Moroccan Gazpacho

There is no traditional dish called Moroccan gazpacho.

I just want to be clear about that up front.

I made it up.

I wasn’t the first person to make it up, apparently, but rest assured that any version of this soup you run across is not authentically Moroccan.

It may be gazpacho, but it sure isn’t Moroccan.

Now that we have that out of the way, let’s just talk about how this recipe came to be.

We needed a lunch special at Salaam.

And there were large fresh local tomatoes, lots of basil, red onions, garlic, green and red peppers, cucumbers and lemons newly preserved with salt in the Moroccan style.

Oh, and we had stale pita bread, olive oil, harissa, red chili pepper, cumin and cinnamon.

I wondered what gazpacho would taste like if I made it with preserved lemons and Moroccan spices.

So, I decided to find out.

It turns out that preserved lemons, harissa, cumin and cinnamon take the ubiquitous chilled Spanish soup and make it taste fresh and new, which is, as Martha Stewart would say, “a good thing.”

Generally speaking there are two general textures for gazpacho–blended smooth or chunky with diced ingredients.

I make mine so it is half blended and half chunky, which gives the best of both worlds. The liquid is thick and smooth, with finely diced vegetables throughout. To make the smooth liquid, I puree the bread with olive oil, a cucumber and garlic. (If you are gluten intolerant, leave out the bread, although your gazpacho will lack a certain body and creaminess that the bread imparts.) Most recipes at this point add water to thin out the liquid, but I always use V-8 juice, which coincidentally, we keep in Salaam’s pantry.

I find that using the vegetable juice blend gives a more complex flavor than just using water would do.

Then, I dice up tomatoes, onions, peppers and seeded cucumbers, add salt and pepper, and whatever herbs I have on hand, and voila–gazpacho.

For the ersatz-Moroccan version, I pureed a whole preserved lemon, a tablespoon or two of harissa sauce and a bunch of cilantro with the bread, olive oil, cucumber and garlic, and then added to the diced ingredients toasted, ground cumin, some cinnamon and a lot of fresh basil, roughly chopped.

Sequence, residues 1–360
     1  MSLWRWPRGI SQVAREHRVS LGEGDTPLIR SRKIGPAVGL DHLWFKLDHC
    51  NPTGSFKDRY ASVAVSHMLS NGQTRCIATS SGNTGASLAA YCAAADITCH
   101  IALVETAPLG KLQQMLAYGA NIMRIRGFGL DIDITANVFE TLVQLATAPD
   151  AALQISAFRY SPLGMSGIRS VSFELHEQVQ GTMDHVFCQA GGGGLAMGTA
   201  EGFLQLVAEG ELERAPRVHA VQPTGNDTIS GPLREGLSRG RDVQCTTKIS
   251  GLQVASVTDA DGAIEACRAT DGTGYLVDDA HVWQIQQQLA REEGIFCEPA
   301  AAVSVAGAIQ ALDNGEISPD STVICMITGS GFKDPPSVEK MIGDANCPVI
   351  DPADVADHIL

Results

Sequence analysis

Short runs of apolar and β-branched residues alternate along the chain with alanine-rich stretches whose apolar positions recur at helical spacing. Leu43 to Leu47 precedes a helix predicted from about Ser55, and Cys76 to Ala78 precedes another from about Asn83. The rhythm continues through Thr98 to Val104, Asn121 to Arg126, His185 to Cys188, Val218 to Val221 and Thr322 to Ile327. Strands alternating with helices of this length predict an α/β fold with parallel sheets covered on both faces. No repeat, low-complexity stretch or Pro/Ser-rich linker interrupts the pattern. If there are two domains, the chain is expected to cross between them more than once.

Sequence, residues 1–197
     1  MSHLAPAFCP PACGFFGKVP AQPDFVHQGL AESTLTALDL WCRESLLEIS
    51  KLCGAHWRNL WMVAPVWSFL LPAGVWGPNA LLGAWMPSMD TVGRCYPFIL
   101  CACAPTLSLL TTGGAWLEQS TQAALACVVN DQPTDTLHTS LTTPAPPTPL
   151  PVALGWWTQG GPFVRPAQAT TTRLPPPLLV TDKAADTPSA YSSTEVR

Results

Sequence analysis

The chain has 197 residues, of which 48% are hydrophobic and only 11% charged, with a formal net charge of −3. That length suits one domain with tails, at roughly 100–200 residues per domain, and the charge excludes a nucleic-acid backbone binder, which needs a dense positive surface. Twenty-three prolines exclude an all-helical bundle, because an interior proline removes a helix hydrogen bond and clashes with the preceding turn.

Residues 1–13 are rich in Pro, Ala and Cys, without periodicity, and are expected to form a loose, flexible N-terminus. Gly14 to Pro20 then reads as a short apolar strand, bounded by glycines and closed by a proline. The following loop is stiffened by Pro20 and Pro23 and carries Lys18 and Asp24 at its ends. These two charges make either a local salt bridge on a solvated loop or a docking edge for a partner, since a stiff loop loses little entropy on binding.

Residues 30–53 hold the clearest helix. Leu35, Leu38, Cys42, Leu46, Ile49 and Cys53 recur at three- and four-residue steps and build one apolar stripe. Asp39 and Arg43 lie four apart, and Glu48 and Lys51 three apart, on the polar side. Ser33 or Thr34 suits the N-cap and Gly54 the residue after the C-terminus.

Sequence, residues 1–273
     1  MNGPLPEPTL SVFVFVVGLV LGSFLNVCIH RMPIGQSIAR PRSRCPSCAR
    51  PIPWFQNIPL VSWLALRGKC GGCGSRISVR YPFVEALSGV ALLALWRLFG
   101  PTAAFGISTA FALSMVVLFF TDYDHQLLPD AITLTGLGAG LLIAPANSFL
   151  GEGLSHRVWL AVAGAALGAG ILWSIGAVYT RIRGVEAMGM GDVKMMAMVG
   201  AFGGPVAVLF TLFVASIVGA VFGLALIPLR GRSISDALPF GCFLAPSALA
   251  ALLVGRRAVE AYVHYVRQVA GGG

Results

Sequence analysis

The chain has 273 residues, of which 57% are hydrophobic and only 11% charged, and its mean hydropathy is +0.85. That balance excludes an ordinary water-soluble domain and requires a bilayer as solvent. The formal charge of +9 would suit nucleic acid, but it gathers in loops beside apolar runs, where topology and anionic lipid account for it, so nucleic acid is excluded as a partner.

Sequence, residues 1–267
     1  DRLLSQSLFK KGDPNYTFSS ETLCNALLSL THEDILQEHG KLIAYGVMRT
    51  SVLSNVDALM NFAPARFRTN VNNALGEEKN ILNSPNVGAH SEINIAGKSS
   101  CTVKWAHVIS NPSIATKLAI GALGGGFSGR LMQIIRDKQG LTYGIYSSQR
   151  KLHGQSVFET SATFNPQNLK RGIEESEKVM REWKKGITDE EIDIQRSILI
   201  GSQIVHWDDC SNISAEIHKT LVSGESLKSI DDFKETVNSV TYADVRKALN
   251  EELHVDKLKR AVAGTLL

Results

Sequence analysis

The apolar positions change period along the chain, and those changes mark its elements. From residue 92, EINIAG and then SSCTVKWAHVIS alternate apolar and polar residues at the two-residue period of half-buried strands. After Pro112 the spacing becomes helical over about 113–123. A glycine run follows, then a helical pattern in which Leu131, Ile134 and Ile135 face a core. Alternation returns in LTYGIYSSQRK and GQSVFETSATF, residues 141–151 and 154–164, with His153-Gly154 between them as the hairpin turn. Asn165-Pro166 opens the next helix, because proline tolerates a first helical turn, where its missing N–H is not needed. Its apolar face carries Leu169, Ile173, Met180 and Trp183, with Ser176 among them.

It turned out beautifully, and nearly sold out at lunch, which is always a good sign.

I loved the complex fragrance, flavors, the textures and especially the summery bright calico colors of this soup and I will be making it again and again this summer.

Moroccan Gazpacho

1 piece pita bread
1 cucumber, peeled and seeded
1 preserved lemon
1-2 tablespoons harissa sauce–to taste
1 bunch cilantro. stems removed
1/3 cup extra virgin olive oil
4 large cloves garlic, peeled and sliced
3 cups V-8 juice
5 tomatoes, cored and diced finely
1 large cucumber, peeled, seeded and diced finely
1 sweet red bell pepper, cored, seeded, finely diced
1 sweet green bell pepper, cored, seeded and finely diced
1 large red onion, peeled and finely diced
1 heaping teaspoon cumin seeds, toasted, cooled and finely ground
1/8 teaspoon ground cinnamon
salt and ground cayenne chili to taste
1 cup roughly chopped fresh basil leaves
whole basil leaves for garnish


Puree in a blender or food processor, the bread, cucumber, preserved lemon, harissa, cilantro, olive oil, and garlic. Put in serving bowl and whisk in the V-8. Stir in the remaining vegetables, and any of their juices from the cutting board. Add seasonings, and add salt and chili pepper to taste.

Garnish with whole basil leaves.


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  1. This looks delicious, and I can’t wait to try it! Only I won’t feel guilty about making “inauthentic” food.

    Comment by Jim — July 8, 2008 #

  2. Oooh! You like V8 too! It’s one of my favourite cheats 🙂

    (Your link is b0rken though).


    Comment by Wouter — July 9, 2008 #

  3. I’m always on the lookout for great gazpacho recipes, because of all the tomatoes we grow in our garden. This looks really interesting. I hope to try it one day soon!

    Comment by Nate — July 9, 2008 #

  4. This sounds wonderful. I just stopped by via Jan’s Sushi Bar, and I’m so excited to see all the recipes you have here. I’ll be back, often.

    Comment by Tricia — July 9, 2008 #

  5. I make a similar version of this Gazpacho (harissa paste and all), minus the preserved lemon and often using left over naan bread.

    I saw the preserved lemon in your recipe and immediately thought “DUH! Why didn’t I think of that?” And I have preserved lemons in my pantry!

    I have had too many Gazpachos that have not included bread, and I have always believed that the texture just isn’t right without the bread (or with some other thickening agent such as masa–used in the Mexican version). Without the bread it’s just watery salsa too me.

    Comment by Roxanne — July 10, 2008 #

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